The Problem with Local Journalism
Confidence in the news media is alarmingly low, and it is worth examining something the public considers a high priority: the news from outside Washington, D.C. More and more public policy is being decided at the state level, and it is more common for millions of dollars to be spent in a single state legislative race; but trustworthy sources of information about state capitals are fast disappearing.
The alarm started sounding in the 1980s with a steady decline in the number of daily newspapers in the United States. More recently, the survivors of the newspaper shakeout have cut back on local coverage to reduce costs. The Pew Research Center calculated that the number of full-time statehouse reporters at major daily newspapers fell from 467 in 2003 to 303 in 2014.
Some newspapers are holding on by the grace of owners with potential conflicts of interest. The largest newspaper in Las Vegas was bought in 2015 by Sheldon Adelson, a casino magnate in a city where the gambling industry dominates both business and government reporting. The Washington Post is owned by Jeff Bezos, chief executive officer of Amazon, the second-largest employer in the United States, which is considering the Washington, D.C., area for a second headquarters. Another disquieting sign: Last month The Charleston Gazette-Mail in West Virginia filed for bankruptcy less than a year after winning a Pulitzer Prize for its coverage of the state’s opioid crisis. Staffers fear that even if The Gazette-Mail can survive with a new owner, it may not be able to continue its vigorous coverage of the coal industry or state government.
More and more public policy is being decided at the state level but trustworthy sources of information about state capitals are fast disappearing.
Meanwhile, “alternative weeklies” in New York, Philadelphia, Boston, Los Angeles and other cities have closed or have abandoned investigative journalism. These publications often served as watchdogs over municipal government, holding officials accountable for corruption or inefficiency regardless of party affiliation.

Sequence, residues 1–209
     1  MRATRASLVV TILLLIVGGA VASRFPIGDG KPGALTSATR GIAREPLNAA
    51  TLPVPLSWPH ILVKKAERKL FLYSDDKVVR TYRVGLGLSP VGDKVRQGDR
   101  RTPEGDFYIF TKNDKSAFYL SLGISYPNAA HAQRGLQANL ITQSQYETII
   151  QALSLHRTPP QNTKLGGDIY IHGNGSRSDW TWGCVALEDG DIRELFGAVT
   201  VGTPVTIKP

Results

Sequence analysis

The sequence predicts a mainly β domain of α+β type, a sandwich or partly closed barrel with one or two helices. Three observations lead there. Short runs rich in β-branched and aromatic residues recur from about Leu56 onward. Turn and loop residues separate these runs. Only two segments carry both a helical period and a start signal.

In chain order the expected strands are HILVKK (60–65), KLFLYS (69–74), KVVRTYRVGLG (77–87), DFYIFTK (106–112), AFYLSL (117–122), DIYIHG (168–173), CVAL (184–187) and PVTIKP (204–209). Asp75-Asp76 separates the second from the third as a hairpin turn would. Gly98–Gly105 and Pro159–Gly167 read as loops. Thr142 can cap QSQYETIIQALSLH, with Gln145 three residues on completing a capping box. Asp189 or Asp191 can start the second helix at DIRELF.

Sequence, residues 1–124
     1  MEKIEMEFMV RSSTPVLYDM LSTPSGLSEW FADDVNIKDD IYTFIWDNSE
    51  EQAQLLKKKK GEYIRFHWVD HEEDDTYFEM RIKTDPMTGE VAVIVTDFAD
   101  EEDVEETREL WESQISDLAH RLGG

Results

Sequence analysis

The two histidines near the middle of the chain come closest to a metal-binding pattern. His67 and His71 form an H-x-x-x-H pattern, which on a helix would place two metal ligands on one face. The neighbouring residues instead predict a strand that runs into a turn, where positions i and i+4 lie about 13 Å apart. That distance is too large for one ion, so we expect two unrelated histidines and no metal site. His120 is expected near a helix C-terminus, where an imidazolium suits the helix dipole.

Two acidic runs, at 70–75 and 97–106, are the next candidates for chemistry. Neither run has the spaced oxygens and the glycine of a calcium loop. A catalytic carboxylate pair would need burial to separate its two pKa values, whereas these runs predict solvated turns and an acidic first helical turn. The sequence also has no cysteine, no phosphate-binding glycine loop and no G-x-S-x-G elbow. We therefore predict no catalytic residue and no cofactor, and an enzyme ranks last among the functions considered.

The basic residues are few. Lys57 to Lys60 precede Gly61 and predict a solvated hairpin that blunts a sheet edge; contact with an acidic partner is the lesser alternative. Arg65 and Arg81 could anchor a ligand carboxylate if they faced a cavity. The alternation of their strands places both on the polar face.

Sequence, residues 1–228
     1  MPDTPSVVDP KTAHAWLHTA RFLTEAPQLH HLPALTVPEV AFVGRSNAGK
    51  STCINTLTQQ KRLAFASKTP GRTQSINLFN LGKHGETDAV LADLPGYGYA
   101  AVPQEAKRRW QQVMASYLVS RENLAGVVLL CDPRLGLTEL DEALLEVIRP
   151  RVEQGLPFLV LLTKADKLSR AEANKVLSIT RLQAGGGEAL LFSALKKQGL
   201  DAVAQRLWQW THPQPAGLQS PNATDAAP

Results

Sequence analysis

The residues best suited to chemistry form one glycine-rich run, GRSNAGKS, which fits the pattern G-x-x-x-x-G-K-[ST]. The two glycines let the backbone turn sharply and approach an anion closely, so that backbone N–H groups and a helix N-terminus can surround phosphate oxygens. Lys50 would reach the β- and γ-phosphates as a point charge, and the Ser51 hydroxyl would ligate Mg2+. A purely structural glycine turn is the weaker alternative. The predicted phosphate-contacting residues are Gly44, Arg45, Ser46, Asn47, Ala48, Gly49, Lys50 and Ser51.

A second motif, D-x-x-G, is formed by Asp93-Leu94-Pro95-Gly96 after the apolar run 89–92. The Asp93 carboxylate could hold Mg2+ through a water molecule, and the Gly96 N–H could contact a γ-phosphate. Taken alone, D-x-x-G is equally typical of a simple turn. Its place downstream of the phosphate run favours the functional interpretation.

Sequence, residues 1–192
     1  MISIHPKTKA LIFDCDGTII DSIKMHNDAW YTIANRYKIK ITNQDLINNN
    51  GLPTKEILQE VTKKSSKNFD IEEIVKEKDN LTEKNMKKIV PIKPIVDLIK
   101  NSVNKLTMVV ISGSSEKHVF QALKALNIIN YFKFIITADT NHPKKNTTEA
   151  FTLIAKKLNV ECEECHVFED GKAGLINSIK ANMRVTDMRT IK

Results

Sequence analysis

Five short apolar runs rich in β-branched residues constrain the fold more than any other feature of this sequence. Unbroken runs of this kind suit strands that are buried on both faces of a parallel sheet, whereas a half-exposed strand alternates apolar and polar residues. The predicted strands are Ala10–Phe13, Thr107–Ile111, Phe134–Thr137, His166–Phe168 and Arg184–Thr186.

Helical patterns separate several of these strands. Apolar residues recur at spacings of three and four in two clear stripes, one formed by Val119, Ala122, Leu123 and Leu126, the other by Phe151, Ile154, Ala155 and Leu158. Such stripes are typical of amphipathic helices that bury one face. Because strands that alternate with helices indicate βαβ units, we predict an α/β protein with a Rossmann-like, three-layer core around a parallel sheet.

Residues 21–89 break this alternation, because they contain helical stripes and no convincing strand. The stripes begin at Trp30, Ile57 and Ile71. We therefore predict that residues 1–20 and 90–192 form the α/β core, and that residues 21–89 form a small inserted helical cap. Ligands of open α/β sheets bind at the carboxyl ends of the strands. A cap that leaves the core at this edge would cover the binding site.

As for television, still the most popular source for news, Pew has reported that 86 percent of local stations have no reporter regularly assigned to state government. Coverage is not likely to improve with the consolidation of local affiliates. The Sinclair Broadcast Group, which is seeking to own more than 200 stations, has ordered its outlets to run commentaries on national issues by a former official of the Trump administration; this takes time away from news stories and editorials that address state and local issues.
Hope that the digital age could invigorate local journalism, now freed from the costs of newsprint and delivery, has run up against the limitations of a model with little pay for journalists (encouraging them to shift to national media outlets at the first opportunity). Last year, the owner of Gothamist shut down local news sites in five cities after the staff in New York voted to unionize; public radio is trying to revive a few of the sites, but having NPR dominate local news is not an ideal answer to media consolidation.
Facebook, stung by criticism that it has become a repository for dubious stories about national politics, recently announced that it will prioritize stories from “local publishers” in users’ feeds and will work with newspapers in about a dozen cities to help them increase their digital subscriptions. These are welcome steps, but they do not address the larger question of how local news outlets can remain financially sustainable as the internet continues to drain advertising revenue. Similarly, the Canadian government has started a fund to support local journalism in smaller communities, but there is debate over whether the fund is big enough to do any good in the long run.
A healthy democracy requires oversight and transparency at all levels of government. No matter how one feels about the trustworthiness of the Washington press corps, we should all be concerned about the threats to local journalism and should continue to look for practical ways to preserve it.